Tuesday, June 7, 2016

The Urban Garden Has Peppers

For some reason, I haven't been able to successfully grow peppers in the garden in the back here in Quincy. If any fruit did develop, it would always be small and hard and measly. It's always been kind of embarrassing. Men here, gardeners, always talk--they brag--about their "peppas." They'd grow them then "throw them on the grill" with onion for their steak tips. It was typical. I'm not a red meat guy, which always makes me suspect in the male grilling world and I certainly don't do steak tips on the grill. I'd say, save it for your Patriots tailgate party but in my 35 years living in Boston, I've been to exactly two Patriots games. My specialty is a nice, thick salmon steak slathered with mayo/lemon/fresh dill served with new potatoes in the oven, or boneless chicken thighs marinated all day in a Caribbean jerk.

I've never had trouble with peppers before. I always thought they were kind of a no-brainer kind of plant to grow. But then, when we moved to Quincy, the trouble started. Maybe peppers are the teenagers of the vegetable world, their job is to push the envelope and embarrass their parents at every turn, and I never asked to move to Quincy in the first place.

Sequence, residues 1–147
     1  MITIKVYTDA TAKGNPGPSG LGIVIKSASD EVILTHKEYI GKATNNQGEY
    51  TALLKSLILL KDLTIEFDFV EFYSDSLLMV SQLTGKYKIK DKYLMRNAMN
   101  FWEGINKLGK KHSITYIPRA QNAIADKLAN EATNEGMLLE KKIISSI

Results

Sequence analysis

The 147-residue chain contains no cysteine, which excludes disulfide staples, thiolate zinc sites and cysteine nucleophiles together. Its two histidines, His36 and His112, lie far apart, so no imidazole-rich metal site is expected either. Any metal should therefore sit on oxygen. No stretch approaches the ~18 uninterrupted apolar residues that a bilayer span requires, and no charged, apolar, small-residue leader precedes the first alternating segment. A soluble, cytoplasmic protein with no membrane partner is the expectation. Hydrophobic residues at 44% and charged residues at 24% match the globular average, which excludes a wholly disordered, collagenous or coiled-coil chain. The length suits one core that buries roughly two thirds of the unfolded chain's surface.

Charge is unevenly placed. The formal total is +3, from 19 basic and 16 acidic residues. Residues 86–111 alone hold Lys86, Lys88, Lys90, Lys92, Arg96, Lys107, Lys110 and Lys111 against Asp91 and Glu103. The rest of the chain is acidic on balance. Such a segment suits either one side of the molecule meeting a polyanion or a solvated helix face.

But, like teenagers, you don't give up on them.

So this year, I thought I'd give them one more chance and planted them in the a box on the porch. I found three of these boxes last spring on the curb in the garbage. They're old packing crates, and this will probably be the last season I'll get to use them. They're made of thin pine and the weather is taking its toll on them. This past winter, though, we stapled some heavy plastic over them and turned them into cold frames. With the mild winter that we had, we had fresh herbs well into January.

As you can see, the peppers are doing great. I don't know what it is. Maybe it's the intense heat they get on the porch, and the nice rich organic soil I've got them in. Maybe they're loners and introverts and just wanted space to themselves. Or maybe it's the chill environment they have, and they really love the sound of a wind chime.

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